Acting as ethical stewards, management accountants can help others gain insight and value from their globally applicable codes of ethics and conduct. The CGMA Code of Ethics can be found at cgma.org/AboutCGMA/Pages/code-of-ethics.aspx.
Tanya Barman is head of ethics at the Chartered Institute of Management Accountants. Samantha White is a CGMA Magazine senior editor.
Australia and New Zealand Banking Group
The Australia and New Zealand Banking Group (ANZ), which operates in more than 30 countries across Asia Pacific, Europe, and the US, sought to embed its commitment to human rights into its values, strategy, governance, policies, systems, and processes.
As part of the initiative, the group implemented responsible lending decision-making through an institutional customer due-diligence process. The process takes the social and environmental impacts of prospective and current customers’ business operations into account in financing decisions to ensure the bank does not become associated with, or inadvertently support, human rights violations through the customers or projects it supports.
Staff who are responsible for making business lending decisions are trained on human rights risks that may be present either in a prospective customer’s activities or business relationships, and use the bank’s “social and environmental screening tool” to assess the potential risks in a prospective customer’s industry. These may include forced labour, involuntary resettlement, interference with indigenous peoples’ rights, and corruption.
Once the due-diligence process is complete, the group may decide not to proceed with a loan or to suspend or end a relationship where it is not evident that the customer is committed to improving its human rights performance.
Facilities management company Mitie supplied managerial staff with a guidance document setting out the organisation’s code of conduct.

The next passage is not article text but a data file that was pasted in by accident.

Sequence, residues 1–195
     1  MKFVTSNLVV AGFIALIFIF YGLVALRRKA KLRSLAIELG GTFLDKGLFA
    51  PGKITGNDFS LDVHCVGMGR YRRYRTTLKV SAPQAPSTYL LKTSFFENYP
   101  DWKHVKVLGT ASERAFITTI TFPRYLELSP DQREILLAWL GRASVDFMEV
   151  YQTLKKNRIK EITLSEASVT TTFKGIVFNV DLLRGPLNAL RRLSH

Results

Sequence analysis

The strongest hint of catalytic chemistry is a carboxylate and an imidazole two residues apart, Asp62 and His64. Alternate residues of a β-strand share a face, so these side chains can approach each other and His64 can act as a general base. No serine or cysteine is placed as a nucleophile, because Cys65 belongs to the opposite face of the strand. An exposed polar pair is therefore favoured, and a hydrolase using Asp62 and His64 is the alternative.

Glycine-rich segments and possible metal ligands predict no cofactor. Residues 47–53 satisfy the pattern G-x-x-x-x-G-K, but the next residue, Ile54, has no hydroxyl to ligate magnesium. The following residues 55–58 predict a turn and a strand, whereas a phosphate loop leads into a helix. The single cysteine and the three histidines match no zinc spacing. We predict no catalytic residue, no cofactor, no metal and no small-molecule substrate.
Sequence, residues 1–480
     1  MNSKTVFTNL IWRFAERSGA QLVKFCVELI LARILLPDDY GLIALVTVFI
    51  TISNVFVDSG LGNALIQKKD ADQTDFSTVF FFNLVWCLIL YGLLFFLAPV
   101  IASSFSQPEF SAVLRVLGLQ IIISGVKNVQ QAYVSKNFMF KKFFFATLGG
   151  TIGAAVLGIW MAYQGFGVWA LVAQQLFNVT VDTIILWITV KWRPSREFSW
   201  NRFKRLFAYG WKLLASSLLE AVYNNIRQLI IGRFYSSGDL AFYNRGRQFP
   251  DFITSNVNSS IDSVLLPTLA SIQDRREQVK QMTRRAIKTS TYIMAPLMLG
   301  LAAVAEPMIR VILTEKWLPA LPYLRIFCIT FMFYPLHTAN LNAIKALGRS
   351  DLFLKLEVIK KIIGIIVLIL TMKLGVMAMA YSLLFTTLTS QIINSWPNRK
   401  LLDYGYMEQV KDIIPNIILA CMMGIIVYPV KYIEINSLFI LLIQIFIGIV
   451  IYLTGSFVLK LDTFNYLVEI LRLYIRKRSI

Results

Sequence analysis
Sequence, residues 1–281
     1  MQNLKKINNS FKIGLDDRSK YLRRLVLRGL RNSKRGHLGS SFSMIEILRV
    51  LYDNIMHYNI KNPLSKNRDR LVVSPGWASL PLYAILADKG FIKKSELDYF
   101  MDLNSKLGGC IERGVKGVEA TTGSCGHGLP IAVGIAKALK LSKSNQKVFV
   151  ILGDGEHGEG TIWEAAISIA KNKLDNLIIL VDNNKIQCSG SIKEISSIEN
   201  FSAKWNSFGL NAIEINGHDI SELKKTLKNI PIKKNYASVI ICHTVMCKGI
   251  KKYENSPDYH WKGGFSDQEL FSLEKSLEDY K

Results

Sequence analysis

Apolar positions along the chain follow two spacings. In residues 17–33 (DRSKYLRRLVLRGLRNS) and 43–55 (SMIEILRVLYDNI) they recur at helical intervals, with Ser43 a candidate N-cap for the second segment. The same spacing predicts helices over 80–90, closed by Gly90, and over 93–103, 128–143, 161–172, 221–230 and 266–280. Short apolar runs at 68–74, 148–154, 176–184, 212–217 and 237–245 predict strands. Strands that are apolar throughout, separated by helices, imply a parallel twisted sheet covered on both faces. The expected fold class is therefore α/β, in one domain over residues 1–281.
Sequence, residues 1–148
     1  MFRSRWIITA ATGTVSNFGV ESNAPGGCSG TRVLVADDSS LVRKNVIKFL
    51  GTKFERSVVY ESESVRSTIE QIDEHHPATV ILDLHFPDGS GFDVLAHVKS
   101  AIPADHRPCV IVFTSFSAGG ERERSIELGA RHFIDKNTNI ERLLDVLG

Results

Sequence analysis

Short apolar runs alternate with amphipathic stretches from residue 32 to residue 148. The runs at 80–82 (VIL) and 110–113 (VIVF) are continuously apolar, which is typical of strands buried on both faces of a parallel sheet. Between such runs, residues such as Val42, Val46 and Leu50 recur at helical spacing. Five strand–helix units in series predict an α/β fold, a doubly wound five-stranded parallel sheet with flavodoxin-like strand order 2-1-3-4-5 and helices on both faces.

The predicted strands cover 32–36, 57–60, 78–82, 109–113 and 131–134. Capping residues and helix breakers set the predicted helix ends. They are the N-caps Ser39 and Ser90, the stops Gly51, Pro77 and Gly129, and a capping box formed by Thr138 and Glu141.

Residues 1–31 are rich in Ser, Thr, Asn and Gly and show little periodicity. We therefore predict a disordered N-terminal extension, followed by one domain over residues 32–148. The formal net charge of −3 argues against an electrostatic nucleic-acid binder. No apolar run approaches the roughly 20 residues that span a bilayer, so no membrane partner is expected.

To encourage engagement and prevent staff from being put off by the level of detail in the manager’s guide, the company created a simplified, four-page version of the code called Do the Right Thing, which uses clear and accessible language to explain the most relevant areas of the code, including Mitie’s organisational values and zero-tolerance policy on bribery.
It also outlines “speak-up” procedures for when a situation, action, or decision doesn’t seem quite right.
Aerospace and defence company Lockheed Martin produced an interactive version of its code of conduct, Setting the Standard, with the objective of making it more appealing to new recruits and easier to navigate than the printed version.
Information is presented in a variety of ways, including videos and FAQs. The search function enables employees to instantly access the specific policy they have a concern about or wish to seek guidance on, and then click a link on that page to report a violation, as necessary. Setting the Standard is also accessible on mobile devices so it can be consulted in the field.
To eliminate or help counter these threats or risks, a range of safeguards need to be in place. Safeguards may come from the external environment, such as professional codes; regulations, such as GAAP; or legislation, such as the US Foreign Corrupt Practices Act. Internal safeguards include the company’s own policies, including the ethical architecture.
- Education and training requirements on ethics and professional responsibilities.
- Professional standards and the threat of discipline.
- Competency and experience requirements for professional licensure and credentials.
- Professional resources, such as hotlines, for consultation on ethical issues.
- Tone at the top emphasising a commitment to fair financial reporting and compliance with applicable laws, rules, regulations, and corporate governance policies.
- Policies and procedures addressing ethical conduct and compliance with laws, rules, and regulations.
- Internal policies and procedures requiring disclosure of identified interests or relationships among the employing organisation; its directors or officers; and its vendors, suppliers, or customers.
- Use of third-party resources as needed for consultation on significant matters of professional judgement.